Owing to the mud the job took longer than usual, and it was very nearly dawn before we finished. I waited under the draughty arch till day broke, wet and dismal, and then I went over the whole area of disturbance, spending another half-hour in effacing its every mark, scattering leaves and dead grass over it, and watering down the broken mud from a shallow rain-pool near. Then they waved to me that the first patrol was coming, and I went up to join the others.

Before I had reached them they came tearing down into their prearranged places, lining the watercourse and spurs each side. A train was coming from the north. Hamud, Feisal’s long slave, had the exploder; but before he reached me a short train of closed box-waggons rushed by at speed. The rainstorms on the plain and the thick morning had hidden it from the eyes of our watchman until too late. This second failure saddened us further and Ali began to say that nothing would come right this trip. Such a statement held risk as prelude of the discovery of an evil eye present; so, to divert attention, I suggested new watching posts be sent far out, one to the ruins on the north, one to the great cairn of the southern crest.

The rest, having no breakfast, were to pretend not to be hungry. They all enjoyed doing this, and for a while we sat cheerfully in the rain, huddling against one another for warmth behind a breastwork of our streaming camels. The moisture made the animals’ hair curl up like a fleece, so that they looked queerly dishevelled. When the rain paused, which it did frequently, a cold moaning wind searched out the unprotected parts of us very thoroughly. After a time we found our wetted shirts clammy and comfortless things. We had nothing to eat, nothing to do and nowhere to sit except on wet rock, wet grass or mud. However, this persistent weather kept reminding me that it would delay Allenby’s advance on Jerusalem, and rob him of his great possibility. So large a misfortune to our lion was a half-encouragement for the mice. We would be partners into next year.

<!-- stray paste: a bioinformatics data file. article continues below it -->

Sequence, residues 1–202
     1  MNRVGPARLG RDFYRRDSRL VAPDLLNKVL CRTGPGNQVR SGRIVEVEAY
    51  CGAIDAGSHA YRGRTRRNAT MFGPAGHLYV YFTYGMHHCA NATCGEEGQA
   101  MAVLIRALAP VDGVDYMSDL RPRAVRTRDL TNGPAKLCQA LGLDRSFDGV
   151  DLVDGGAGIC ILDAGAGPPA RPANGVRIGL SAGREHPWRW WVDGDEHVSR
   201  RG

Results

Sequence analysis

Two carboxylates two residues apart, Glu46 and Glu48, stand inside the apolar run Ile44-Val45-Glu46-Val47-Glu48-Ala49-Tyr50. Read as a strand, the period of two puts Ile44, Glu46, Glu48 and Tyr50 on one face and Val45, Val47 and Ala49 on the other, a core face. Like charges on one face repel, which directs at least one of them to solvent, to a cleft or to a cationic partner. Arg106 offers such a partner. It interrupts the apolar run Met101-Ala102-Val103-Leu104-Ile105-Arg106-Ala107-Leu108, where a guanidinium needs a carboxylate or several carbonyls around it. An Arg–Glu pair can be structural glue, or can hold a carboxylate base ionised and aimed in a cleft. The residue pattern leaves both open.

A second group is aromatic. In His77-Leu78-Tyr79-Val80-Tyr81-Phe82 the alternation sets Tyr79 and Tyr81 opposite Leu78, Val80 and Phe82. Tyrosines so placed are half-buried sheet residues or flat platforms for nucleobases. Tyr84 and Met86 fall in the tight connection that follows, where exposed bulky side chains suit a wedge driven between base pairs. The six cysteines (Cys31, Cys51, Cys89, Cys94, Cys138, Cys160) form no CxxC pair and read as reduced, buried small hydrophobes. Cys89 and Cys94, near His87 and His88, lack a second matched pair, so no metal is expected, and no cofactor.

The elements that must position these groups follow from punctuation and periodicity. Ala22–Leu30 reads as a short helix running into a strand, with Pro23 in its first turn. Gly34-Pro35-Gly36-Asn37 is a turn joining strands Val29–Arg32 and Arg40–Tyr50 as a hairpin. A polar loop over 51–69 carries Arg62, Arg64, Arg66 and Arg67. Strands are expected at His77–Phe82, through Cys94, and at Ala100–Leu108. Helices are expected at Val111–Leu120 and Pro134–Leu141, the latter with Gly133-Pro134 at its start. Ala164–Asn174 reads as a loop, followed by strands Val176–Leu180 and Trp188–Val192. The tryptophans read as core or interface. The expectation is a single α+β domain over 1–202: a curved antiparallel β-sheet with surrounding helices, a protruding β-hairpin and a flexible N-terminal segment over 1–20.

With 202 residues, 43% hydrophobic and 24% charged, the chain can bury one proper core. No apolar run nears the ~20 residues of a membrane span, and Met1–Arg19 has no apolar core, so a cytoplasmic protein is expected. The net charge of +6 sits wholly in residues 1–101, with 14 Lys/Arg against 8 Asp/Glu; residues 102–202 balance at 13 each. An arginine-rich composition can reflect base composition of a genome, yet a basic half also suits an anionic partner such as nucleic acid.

In the best circumstances, waiting for action was hard. To-day it was beastly. Even enemy patrols stumbled along without care, perfunctorily, against the rain. At last, near noon, in a snatch of fine weather, the watchmen on the south peak flagged their cloaks wildly in signal of a train. We reached our positions in an instant, for we had squatted the late hours on our heels in a streaming ditch near the line, so as not to miss another chance. The Arabs took cover properly. I looked back at their ambush from my firing point, and saw nothing but the grey hillsides.

I could not hear the train coming, but trusted, and knelt ready for perhaps half an hour, when the suspense became intolerable, and I signalled to know what was up. They sent down to say it was coming very slowly, and was an enormously long train. Our appetites stiffened. The longer it was the more would be the loot. Then came word that it had stopped. It moved again.

Finally, near one o’clock, I heard it panting. The locomotive was evidently defective (all these wood-fired trains were bad), and the heavy load on the up-gradient was proving too much for its capacity. I crouched behind my bush, while it crawled slowly into view past the south cutting, and along the bank above my head towards the culvert. The first ten trucks were open trucks, crowded with troops. However, once again it was too late to choose, so when the engine was squarely over the mine I pushed down the handle of the exploder. Nothing happened. I sawed it up and down four times.

Still nothing happened; and I realized that it had gone out of order, and that I was kneeling on a naked bank, with a Turkish troop train crawling past fifty yards away. The bush, which had seemed a foot high, shrank smaller than a fig-leaf; and I felt myself the most distinct object in the country-side. Behind me was an open valley for two hundred yards to the cover where my Arabs were waiting and wondering what I was at. It was impossible to make a bolt for it, or the Turks would step off the train and finish us. If I sat still, there might be just a hope of my being ignored as a casual Bedouin.

So there I sat, counting for sheer life, while eighteen open trucks, three box-waggons, and three officers’ coaches dragged by. The engine panted slower and slower, and I thought every moment that it would break down. The troops took no great notice of me, but the officers were interested, and came out to the little platforms at the ends of their carriages, pointing and staring. I waved back at them, grinning nervously, and feeling an improbable shepherd in my Meccan dress, with its twisted golden circlet about my head. Perhaps the mud-stains, the wet and their ignorance made me accepted. The end of the brake van slowly disappeared into the cutting on the north.

As it went, I jumped up, buried my wires, snatched hold of the wretched exploder, and went like a rabbit uphill into safety. There I took breath and looked back to see that the train had finally stuck. It waited, about five hundred yards beyond the mine, for nearly an hour to get up a head of steam, while an officers’ patrol came back and searched, very carefully, the ground where I had been seen sitting. However the wires were properly bidden: they found nothing: the engine plucked up heart again, and away they went.